When Larry Owen first stepped inside the Riverfront Condominiums building behind the Old Post Office, he wasn’t looking to buy. He and his wife, Carol, loved their home in McCutchanville, and Larry merely was fulfilling a promise to a friend in Ohio who was interested in purchasing a condo in Evansville. But as Larry walked through the rooms, “the view just blew me away,” he says.
The prospect of downsizing and moving Downtown grew increasingly attractive to the Owens. Two years ago, when a sixth-floor unit in the Riverfront Condominiums was listed for sale, they purchased it right away. “We just wanted to simplify our lives,” Carol says. Moving into a smaller, two-bedroom condo suited that desire, and the space reflects the Owens’ sense of style: elegant yet comfortable, traditional yet eclectic. Art and antiques decorate the residence, and the pieces are made more dramatic by the backdrop: the Ohio River to the south, Old National Bank’s headquarters and the Riverside Historic District to the east, the Old Post Office to the north, and First Avenue to the west.
The Owens’ journey to Downtown Evansville began in Bloomington, Ind., where they met as Indiana University students. After the couple married 53 years ago, Larry brought Carol, an Evanston, Ill., native, back to his hometown of Evansville. Following the birth of their two sons, Brad and Steve (now grown, married, and living in Evansville with their families), the Owens settled in McCutchanville — most recently living in a spacious French Country-style home.
When they decided to move Downtown, they enlisted the help of numerous local professionals and businesses, including contractor Randy Elpers, who built the couple’s previous home; painter Jerry Loeffler; and cabinet company Fehrenbacher Cabinets. They also left most of their antique collection in the McCutchanville house (now home to their son Brad and his wife Mary-Beth) and teamed with interior designer Tay Ruthenburg, owner of Evaline Karges Interiors, to decorate their new condo. “They both really enjoy searching out things, learning about art, collecting furniture,” Ruthenburg says, “and they do it together. To both be interested is so special.”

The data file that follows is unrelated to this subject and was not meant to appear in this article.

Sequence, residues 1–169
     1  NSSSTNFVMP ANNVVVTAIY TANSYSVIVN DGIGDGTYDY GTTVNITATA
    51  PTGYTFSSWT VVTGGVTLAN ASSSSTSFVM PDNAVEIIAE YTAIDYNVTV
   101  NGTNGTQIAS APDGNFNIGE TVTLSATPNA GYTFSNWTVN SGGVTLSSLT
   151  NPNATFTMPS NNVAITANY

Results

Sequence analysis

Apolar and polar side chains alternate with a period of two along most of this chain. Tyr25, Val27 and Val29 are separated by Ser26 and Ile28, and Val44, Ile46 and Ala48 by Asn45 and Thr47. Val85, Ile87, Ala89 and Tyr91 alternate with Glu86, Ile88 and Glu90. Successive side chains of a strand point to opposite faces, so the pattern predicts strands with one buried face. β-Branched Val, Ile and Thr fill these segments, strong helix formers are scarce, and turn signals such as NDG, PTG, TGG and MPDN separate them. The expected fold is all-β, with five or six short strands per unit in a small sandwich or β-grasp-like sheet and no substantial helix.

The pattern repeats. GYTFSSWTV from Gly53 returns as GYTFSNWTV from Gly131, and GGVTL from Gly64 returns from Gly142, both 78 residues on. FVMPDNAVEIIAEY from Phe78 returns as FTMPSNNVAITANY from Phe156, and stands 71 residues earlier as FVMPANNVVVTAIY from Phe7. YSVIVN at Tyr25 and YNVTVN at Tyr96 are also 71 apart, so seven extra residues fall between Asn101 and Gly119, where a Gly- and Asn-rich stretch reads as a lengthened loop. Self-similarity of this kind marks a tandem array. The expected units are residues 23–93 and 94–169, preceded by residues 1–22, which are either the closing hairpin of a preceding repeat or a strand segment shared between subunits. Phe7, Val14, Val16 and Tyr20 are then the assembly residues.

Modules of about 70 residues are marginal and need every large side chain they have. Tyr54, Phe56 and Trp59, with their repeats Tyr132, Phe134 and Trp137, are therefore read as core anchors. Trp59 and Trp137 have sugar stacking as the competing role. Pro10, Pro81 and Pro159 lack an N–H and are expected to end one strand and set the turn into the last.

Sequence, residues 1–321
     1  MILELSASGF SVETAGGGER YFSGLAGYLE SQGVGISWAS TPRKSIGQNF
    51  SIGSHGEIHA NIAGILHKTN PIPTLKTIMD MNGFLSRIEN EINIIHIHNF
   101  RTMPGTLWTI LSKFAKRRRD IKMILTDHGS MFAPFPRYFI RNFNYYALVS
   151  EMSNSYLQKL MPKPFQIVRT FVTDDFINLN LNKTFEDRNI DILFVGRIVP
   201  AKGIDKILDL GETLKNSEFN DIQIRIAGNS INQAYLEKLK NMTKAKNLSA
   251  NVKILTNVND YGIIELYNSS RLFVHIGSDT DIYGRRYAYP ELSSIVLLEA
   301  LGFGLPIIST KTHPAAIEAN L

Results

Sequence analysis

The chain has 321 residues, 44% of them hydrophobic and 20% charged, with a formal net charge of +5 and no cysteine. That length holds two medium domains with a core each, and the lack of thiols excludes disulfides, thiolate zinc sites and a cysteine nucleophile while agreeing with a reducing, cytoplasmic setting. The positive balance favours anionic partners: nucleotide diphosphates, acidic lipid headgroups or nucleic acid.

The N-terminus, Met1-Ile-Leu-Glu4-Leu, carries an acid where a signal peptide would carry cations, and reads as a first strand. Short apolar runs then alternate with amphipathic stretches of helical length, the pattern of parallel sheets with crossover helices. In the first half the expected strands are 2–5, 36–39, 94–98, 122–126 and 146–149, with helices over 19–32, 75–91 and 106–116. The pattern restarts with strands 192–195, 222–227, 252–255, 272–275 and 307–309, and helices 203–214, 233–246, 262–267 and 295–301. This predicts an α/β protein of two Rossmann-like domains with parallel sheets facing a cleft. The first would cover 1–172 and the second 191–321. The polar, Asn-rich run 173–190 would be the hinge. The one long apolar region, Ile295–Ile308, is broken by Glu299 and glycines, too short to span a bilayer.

“Tay has an eye for making things work,” says Larry, who’s retired from a career in the printing industry. The design sensibility is evident immediately upon entering the Owens’ condo, where a foyer opens to a living room decorated in chocolate brown, ivory, and turquoise. The seating area, with two 19th century French chairs, combines stripes, leaves, and zebra print patterns. Contemporary art decorates the wall above an English antique table. The contrasts, says Ruthenburg, show the Owens aren’t afraid to make a bold statement. “They’re traditional with a twist,” he says. “The twist is some of the things they collect.”[pagebreak]
Case in point: A cabinet above the wet bar in the living room showcases Delft pottery from the Netherlands, Japanese imari plates, and a 16th century statue of a Thai warrior missing his spear. (The Owens found the warrior in Bangkok on a trip for their 50th wedding anniversary.) The couple also collects pieces by Aurora, N.Y.-based MacKenzie-Childs, including a pedestal table base in the kitchen and a picture frame in the small library adjoining their bedroom. The company produces quirky, colorful furniture and home décor often covered in shards of broken pottery and glass.
One of the Owens’ simplest but most cherished pieces is a cognac leather sofa in the den adjacent to the dining room. Soon after they married, Carol ordered the sofa and didn’t tell Larry. She expected delivery to take four to six months, and she planned to save money each week from the couple’s grocery funds to cover the bill. To her surprise, the sofa was finished in one month, and the newlywed panicked. “I have something to tell you,” she nervously told Larry. He laughed when he found out her secret was a sofa, but still, “I’ll die with this sofa,” Carol jokes.
The sofa has been a fixture in the Owens’ lives from the early days of their marriage into the quieter years of their retirement, and their home in the Riverfront Condominiums suits their desire for a simpler life. They love watching Downtown happenings from their windows — from arena construction to the sea of pink at Race for the Cure — and they love the convenience of living Downtown. “It’s 10 minutes to anywhere,” Carol says. “We’re so close to everything.”